Written by ESPINAL ADLER Team’s Real Estate Finance Specialist, Matthew Jablonski.
About ten years ago, a very angry real estate agent with a slightly bruised ego screamed at me on the phone.
I was a loan officer at the time and I had given our mutual client a pre-qualification letter for $500,000. Based on my letter, but without every speaking to me, the realtor submitted an offer for our client to purchase a condominium for $480,000. The offer was quickly accepted.
The day the offer was made, my client called me to give me a heads-up. We went over the specific numbers – in particular the taxes and the common charges associated with the $480,000 condominium. I quickly worked through the math before I gave my client the bad news – They weren’t qualified to purchase the subject property. Their debt-to-income ratio was too high.
I called their real estate agent to deliver the bad news and that’s when I got an earful from her. I had to explain that pre-qualifying a buyer is not an exact science, especially when the pre-qualification is done before a specific property is identified.
Getting pre-qualified is nothing more than a simple algebra equation in which you are given most of the numbers to solve a problem, but some variables remain. A loan officer is trying to calculate their client’s debt-to-income ratio, a calculation used to determine whether or not the lender thinks their client can afford to make their mortgage payment. They are simply comparing the client’s debt to their income.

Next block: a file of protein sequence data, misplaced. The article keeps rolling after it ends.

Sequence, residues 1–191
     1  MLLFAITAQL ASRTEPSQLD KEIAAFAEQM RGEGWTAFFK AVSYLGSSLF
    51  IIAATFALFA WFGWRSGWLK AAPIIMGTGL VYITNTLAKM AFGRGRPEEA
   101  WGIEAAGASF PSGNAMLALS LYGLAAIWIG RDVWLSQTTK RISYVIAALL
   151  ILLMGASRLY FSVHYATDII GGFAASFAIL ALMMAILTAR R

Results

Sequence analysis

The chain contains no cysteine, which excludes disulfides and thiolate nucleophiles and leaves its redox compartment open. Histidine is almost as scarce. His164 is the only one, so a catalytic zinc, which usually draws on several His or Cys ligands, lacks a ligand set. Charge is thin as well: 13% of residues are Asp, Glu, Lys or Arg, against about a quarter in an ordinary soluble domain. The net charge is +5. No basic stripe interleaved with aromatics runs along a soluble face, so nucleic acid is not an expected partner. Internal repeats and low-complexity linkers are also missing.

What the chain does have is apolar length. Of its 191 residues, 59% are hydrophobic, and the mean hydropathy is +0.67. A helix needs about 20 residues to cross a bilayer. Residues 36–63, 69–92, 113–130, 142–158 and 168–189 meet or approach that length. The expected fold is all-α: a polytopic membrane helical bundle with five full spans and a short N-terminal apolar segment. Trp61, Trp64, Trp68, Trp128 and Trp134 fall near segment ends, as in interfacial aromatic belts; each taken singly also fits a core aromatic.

During the pre-qualification, the loan officer knows exactly how much money their client makes, and because they’ve seen a credit report they know exactly how much debt they are already responsible for on a monthly basis. What they don’t know are the specifics of a property the client might become interested in. They have to make an educated guess about Purchase price, taxes, and common charges or monthly maintenance fee.
A good loan officer will share with their client exactly what variables they “plugged” into the algebra equation and provide examples of how the pre-qualification amount can change when the variables change. If taxes/common charges for a specific property are higher than the original variables used, the amount someone qualifies for will be lower. If the taxes/common charges for a specific property are lower than the original variables used, the amount someone qualifies for will be higher.
*Important footnote: I was one of those kids in high school that said algebra was a waste of time and I would never actually need to understand math like that to make it in the real world.
Have additional questions? Feel free to reach out to me directly at firstname.lastname@example.org or 914.714.9102. Read more about my position by clicking here.